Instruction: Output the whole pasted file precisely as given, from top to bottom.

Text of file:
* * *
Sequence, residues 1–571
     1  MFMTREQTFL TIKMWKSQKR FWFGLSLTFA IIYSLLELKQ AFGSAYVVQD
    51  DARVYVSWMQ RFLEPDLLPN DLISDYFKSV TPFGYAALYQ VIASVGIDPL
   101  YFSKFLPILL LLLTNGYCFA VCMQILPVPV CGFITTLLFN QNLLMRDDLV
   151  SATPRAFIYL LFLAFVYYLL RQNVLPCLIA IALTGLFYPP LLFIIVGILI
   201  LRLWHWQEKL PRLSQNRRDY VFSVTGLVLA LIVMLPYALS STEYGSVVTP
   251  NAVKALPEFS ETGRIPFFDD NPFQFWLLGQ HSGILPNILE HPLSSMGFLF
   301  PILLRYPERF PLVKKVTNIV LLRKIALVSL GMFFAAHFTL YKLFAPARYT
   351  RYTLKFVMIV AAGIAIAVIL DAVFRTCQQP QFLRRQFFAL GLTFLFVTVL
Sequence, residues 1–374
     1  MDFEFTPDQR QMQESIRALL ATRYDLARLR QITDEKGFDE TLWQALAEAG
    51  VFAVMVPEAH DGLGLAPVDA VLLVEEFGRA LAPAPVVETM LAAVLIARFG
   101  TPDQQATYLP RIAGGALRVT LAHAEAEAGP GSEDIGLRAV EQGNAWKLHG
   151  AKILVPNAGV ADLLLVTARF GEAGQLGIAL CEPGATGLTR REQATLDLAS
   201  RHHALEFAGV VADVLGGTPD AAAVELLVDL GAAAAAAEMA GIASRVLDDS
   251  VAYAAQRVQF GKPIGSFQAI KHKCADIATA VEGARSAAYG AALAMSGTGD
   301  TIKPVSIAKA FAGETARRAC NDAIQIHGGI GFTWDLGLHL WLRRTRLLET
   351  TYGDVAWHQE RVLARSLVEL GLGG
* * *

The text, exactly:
Sequence, residues 1–571
     1  MFMTREQTFL TIKMWKSQKR FWFGLSLTFA IIYSLLELKQ AFGSAYVVQD
    51  DARVYVSWMQ RFLEPDLLPN DLISDYFKSV TPFGYAALYQ VIASVGIDPL
   101  YFSKFLPILL LLLTNGYCFA VCMQILPVPV CGFITTLLFN QNLLMRDDLV
   151  SATPRAFIYL LFLAFVYYLL RQNVLPCLIA IALTGLFYPP LLFIIVGILI
   201  LRLWHWQEKL PRLSQNRRDY VFSVTGLVLA LIVMLPYALS STEYGSVVTP
   251  NAVKALPEFS ETGRIPFFDD NPFQFWLLGQ HSGILPNILE HPLSSMGFLF
   301  PILLRYPERF PLVKKVTNIV LLRKIALVSL GMFFAAHFTL YKLFAPARYT
   351  RYTLKFVMIV AAGIAIAVIL DAVFRTCQQP QFLRRQFFAL GLTFLFVTVL
Sequence, residues 1–374
     1  MDFEFTPDQR QMQESIRALL ATRYDLARLR QITDEKGFDE TLWQALAEAG
    51  VFAVMVPEAH DGLGLAPVDA VLLVEEFGRA LAPAPVVETM LAAVLIARFG
   101  TPDQQATYLP RIAGGALRVT LAHAEAEAGP GSEDIGLRAV EQGNAWKLHG
   151  AKILVPNAGV ADLLLVTARF GEAGQLGIAL CEPGATGLTR REQATLDLAS
   201  RHHALEFAGV VADVLGGTPD AAAVELLVDL GAAAAAAEMA GIASRVLDDS
   251  VAYAAQRVQF GKPIGSFQAI KHKCADIATA VEGARSAAYG AALAMSGTGD
   301  TIKPVSIAKA FAGETARRAC NDAIQIHGGI GFTWDLGLHL WLRRTRLLET
   351  TYGDVAWHQE RVLARSLVEL GLGG